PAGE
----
Mistakes I Made Writing My First Book, by Jack Heath
Writing is like anything else you do in life – except skydiving – in the sense that you get better at it with practise. (Skydiving, meanwhile, doesn’t tend to favour second chances.)
For this reason, each book you write is likely to be better than the one that preceded it, assuming you allocate the same amount of time and effort. While my first novel,The Lab, is my most commercially successful book so far, the novels which superseded it greatly benefited from all the mistakes I had learned to avoid.
But you don’t have to write a whole book to learn these lessons. I’m here to help.
Over-describing the characters
If you have a picture in your head, and your goal is to precisely convey that picture to the reader, then you might want to give up writing and become an illustrator. Good writers leave flexibility, so the reader can imagine whatever will please them most. In The Lab, I described Agent Six’s age, height, hair colour, eye colour and more. (I also described a character who looked exactly like Milla Jovovich, just so there would be someone for her to play in the movie.) Now I know better.
Stating the moral
If you have some kind of political or philosophical point to get across, never outline it directly. The readers who agree with you won’t learn anything, and the ones who don’t will be alienated. If you want to make a statement, write an essay – teen novels should be about the story. Towards the end of The Lab, Agent Six makes some pronouncements about the human soul which are now hugely embarrassing to me. Lesson learned.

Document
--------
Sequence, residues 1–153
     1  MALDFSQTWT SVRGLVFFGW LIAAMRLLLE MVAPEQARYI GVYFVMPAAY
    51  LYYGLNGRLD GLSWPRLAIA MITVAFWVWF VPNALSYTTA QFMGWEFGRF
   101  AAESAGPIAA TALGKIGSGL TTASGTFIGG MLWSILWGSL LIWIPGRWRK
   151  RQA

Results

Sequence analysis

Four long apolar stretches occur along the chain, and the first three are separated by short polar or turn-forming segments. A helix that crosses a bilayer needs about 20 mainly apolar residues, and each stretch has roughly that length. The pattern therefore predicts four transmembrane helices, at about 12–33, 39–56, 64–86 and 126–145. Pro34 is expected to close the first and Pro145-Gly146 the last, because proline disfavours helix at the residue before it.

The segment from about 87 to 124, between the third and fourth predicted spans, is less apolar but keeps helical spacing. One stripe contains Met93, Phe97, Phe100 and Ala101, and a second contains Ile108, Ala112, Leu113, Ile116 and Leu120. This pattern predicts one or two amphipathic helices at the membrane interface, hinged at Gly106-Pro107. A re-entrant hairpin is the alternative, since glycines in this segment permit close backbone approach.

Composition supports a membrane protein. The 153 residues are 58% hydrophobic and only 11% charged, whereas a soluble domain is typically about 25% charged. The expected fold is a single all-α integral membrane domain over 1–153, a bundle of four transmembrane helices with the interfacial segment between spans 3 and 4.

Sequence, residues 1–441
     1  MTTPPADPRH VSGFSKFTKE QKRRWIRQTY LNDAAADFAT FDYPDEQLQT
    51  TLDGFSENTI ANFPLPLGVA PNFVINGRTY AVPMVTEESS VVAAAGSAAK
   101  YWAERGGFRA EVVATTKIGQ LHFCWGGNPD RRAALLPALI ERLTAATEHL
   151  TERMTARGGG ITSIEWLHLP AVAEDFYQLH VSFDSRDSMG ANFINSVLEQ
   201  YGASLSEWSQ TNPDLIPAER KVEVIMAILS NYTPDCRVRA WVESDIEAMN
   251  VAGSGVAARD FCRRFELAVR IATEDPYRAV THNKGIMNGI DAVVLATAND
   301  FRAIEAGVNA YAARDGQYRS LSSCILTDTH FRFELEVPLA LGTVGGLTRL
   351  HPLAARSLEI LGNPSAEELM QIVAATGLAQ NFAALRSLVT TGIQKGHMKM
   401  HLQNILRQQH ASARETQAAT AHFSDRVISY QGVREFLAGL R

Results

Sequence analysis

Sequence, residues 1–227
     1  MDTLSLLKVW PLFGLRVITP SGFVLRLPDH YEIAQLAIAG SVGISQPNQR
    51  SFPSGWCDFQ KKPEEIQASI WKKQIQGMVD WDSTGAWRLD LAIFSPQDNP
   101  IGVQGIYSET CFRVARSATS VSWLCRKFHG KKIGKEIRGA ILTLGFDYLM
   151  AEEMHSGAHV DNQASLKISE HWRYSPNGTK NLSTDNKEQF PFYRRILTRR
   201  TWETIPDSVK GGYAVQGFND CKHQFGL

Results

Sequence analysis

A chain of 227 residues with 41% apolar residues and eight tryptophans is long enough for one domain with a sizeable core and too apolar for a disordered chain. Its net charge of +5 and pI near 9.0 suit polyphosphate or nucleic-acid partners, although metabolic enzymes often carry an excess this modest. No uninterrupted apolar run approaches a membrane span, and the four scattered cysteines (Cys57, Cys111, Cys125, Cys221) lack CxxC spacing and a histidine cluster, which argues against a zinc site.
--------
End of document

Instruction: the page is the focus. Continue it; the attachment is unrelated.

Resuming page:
Including evil characters
It took me a long time to realise that there was no such thing as an evil person. Selfish, sure. Misguided, absolutely. But over-the-top “dark side of the force” evil does not exist in nature, and this makes it thoroughly unconvincing in fiction. My cast of villains was plentiful in The Lab – Methryn Crexe, Retuni Lerke, that other guy whose name escapes me – but in the editing process, I realised that none of them had much personality. My subsequent books featured villains with clear goals, and reasons for them, which made them all the more frightening.
It’s always tempting to use your own writing as a shout-out to the books you have admired, but your readers won’t see it as a respectful nod. They’ll see it as the author trying to put him or herself on the same pedestal as the greats. The Lab had references to Sherlock Holmes, Metal Gear Solid, Alien, The Terminator,Harry Potter and others. I took some of them out in the editing process. I now wish I’d removed them all.
Writing your debut novel is like skydiving. You never get a second chance if you screw it up the first time. I’m not going to use the “I was a teenager at the time”defence, because according to readers, reviewers and other writers,The Lab was a great novel, and it makes no sense for me to argue with them. But it could have been better. And a book that could be better is a book that needs one more draft.